While it is exciting to get the photography team and drone pilots out right after the landscaping is done and the ribbon cutting is happening, design/construction professionals also need to consider the potential life cycle of zinc can go well past a century on wall applications, and 80 to 100 years on a roofing application. Though it is difficult to extrapolate what the aesthetic will be into the next decade—much less the next century—some considerations should be taken past the initial display of material samples.
The very best predictor of long-term surface appearance is to physically observe a zinc project that has had the opportunity to weather. Most, if not all, zinc manufacturers keep a running list of projects based on type of project, specific material, and locale, and make this available to any interested parties. It is important to note how long a project has been in place and how the weathering process has changed the tone and texture of the surface in relation to initial samples, and equally critical to address any questions or concerns directly with the manufacturer, representative, supplier, or installer.
Exposure plays a very important role in the patination process. A slightly pitched roof weathers more quickly than a steeply pitched roof, which weathers more quickly than a façade. For this reason, tinted or pigmented zinc is typically not used on roofing applications. The only way to achieve a long-term appearance darker than the matte pewter gray patina is by using a separate alloy specifically designed to weather and maintain a darker appearance through its life cycle.
Consistent and uniform weathering can be a greater challenge in a façade application. Though the same factors apply, walls often receive less exposure to wetting and drying cycles from protective overhangs. Though patination of zinc in a façade application will take much longer to weather uniformly, it is reasonable to expect that it will happen eventually. The speed at which a project weathers into the natural patina is highly dependent on its microclimate.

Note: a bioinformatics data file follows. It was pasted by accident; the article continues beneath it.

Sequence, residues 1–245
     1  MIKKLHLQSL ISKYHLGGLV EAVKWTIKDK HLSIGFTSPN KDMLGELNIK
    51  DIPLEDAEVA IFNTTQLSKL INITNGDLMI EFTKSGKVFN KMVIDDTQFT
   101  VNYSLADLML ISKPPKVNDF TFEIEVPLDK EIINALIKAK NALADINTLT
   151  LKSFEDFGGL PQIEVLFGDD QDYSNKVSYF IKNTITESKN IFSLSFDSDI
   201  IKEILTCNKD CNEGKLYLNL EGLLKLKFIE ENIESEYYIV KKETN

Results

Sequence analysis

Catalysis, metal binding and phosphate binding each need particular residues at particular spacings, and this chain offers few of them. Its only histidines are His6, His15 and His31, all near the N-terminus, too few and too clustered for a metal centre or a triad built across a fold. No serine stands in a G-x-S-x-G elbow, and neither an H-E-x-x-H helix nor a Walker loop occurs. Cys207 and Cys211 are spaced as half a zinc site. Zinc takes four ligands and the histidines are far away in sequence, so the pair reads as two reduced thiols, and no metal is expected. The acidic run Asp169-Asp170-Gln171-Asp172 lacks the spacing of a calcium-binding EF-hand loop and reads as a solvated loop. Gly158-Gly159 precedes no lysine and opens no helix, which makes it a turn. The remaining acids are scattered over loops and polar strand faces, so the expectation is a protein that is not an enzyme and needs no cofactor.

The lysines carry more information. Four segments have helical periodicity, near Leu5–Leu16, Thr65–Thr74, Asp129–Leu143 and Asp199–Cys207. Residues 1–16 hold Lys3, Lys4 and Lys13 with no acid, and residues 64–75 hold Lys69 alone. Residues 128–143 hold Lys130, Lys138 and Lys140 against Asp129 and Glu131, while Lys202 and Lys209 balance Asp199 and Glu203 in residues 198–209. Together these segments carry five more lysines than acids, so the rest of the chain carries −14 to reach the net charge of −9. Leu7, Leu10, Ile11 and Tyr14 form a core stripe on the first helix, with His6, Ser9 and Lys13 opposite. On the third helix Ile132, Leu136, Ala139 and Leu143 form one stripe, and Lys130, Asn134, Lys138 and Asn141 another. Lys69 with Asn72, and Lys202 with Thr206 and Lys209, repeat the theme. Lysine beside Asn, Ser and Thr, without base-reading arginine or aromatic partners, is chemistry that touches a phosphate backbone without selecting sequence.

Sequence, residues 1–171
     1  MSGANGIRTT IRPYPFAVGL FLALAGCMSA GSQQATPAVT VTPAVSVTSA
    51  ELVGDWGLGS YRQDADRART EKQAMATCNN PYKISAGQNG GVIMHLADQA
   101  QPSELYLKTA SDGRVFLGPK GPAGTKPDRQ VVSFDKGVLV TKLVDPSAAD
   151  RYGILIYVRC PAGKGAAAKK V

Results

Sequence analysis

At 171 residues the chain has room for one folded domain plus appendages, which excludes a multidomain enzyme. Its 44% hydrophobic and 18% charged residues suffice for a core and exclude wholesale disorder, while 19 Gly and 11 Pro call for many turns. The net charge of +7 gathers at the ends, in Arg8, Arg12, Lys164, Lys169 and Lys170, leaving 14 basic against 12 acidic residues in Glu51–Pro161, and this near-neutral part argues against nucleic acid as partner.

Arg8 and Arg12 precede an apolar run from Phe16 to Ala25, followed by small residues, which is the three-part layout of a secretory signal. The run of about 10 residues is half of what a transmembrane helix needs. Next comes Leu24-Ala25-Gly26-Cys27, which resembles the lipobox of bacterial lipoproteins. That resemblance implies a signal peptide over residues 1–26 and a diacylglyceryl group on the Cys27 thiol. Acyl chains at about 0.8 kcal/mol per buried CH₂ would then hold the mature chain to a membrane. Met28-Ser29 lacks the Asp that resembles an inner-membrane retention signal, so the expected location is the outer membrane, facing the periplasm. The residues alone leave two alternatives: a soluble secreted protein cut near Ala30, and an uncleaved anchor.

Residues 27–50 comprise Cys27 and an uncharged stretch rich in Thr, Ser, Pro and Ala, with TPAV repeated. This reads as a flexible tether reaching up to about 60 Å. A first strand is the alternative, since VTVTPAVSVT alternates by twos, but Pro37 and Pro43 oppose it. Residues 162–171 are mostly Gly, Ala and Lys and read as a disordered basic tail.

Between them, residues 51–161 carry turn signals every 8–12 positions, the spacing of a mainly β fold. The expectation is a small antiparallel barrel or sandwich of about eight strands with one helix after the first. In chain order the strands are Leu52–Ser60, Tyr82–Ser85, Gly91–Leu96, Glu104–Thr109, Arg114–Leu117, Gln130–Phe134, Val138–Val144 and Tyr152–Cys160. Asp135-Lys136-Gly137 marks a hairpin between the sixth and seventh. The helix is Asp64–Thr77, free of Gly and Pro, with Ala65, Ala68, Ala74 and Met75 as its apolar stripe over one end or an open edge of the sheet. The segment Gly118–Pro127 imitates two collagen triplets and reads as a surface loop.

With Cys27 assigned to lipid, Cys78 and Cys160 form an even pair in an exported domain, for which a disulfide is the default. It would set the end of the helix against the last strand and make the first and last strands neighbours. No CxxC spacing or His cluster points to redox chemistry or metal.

Zinc manufacturers do their best to mitigate tonal variation from batch to batch. Tonal variation occurs naturally and may be found within the same coil or sheet. Since the material is not painted, it exhibits the natural colors of the constituent elements. This is part of the beauty of the product—it is not a cause for rejection.
Further, zinc can be expected to perform and last very well in marine environments. As mentioned previously, the patina is formed as a different compound, but zinc can also react with the salt air to form a water-soluble white zinc chloride crystal. This is not adhesive by nature and is typically washed off through rainfall or even an occasional washing to maintain the desired appearance. Again, even in a marine environment, there is a reasonable expectation of an 80- to 100-year life cycle with proper design and installation, depending on exposure.
|Oil-canning, or perceived waviness in the pan of the panels, is the skeleton in the closet for the architectural metal community. Even perfectly installed roofs and walls will exhibit this phenomenon to some degree, and poor installations only serve to exacerbate the situation. Unfortunately, there is no magic-bullet solution to the issue, though it is possible to put a little lipstick on the pig and help ameliorate the situation with the following suggestions.
Oil-canning is never a cause for material rejection, but should be explained and managed prior to fabrication and installation. The manufacturer, fabricator, and installer may all have valid suggestions on how to make the project look as good as possible.